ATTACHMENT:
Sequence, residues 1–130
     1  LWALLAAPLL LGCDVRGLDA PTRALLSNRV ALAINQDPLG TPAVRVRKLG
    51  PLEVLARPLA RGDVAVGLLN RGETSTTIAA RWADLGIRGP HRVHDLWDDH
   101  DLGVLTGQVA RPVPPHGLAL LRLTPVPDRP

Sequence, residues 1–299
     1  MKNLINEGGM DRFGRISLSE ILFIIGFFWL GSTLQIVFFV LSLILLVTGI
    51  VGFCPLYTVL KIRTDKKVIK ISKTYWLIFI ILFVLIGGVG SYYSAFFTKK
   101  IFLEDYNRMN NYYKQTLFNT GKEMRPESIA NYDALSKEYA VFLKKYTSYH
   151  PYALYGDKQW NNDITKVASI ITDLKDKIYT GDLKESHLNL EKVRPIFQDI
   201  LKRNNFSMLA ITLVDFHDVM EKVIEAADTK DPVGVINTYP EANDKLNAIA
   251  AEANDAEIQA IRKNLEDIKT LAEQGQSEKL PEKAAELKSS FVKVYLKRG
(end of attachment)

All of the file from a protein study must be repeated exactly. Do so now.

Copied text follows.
Sequence, residues 1–130
     1  LWALLAAPLL LGCDVRGLDA PTRALLSNRV ALAINQDPLG TPAVRVRKLG
    51  PLEVLARPLA RGDVAVGLLN RGETSTTIAA RWADLGIRGP HRVHDLWDDH
   101  DLGVLTGQVA RPVPPHGLAL LRLTPVPDRP

Sequence, residues 1–299
     1  MKNLINEGGM DRFGRISLSE ILFIIGFFWL GSTLQIVFFV LSLILLVTGI
    51  VGFCPLYTVL KIRTDKKVIK ISKTYWLIFI ILFVLIGGVG SYYSAFFTKK
   101  IFLEDYNRMN NYYKQTLFNT GKEMRPESIA NYDALSKEYA VFLKKYTSYH
   151  PYALYGDKQW NNDITKVASI ITDLKDKIYT GDLKESHLNL EKVRPIFQDI
   201  LKRNNFSMLA ITLVDFHDVM EKVIEAADTK DPVGVINTYP EANDKLNAIA
   251  AEANDAEIQA IRKNLEDIKT LAEQGQSEKL PEKAAELKSS FVKVYLKRG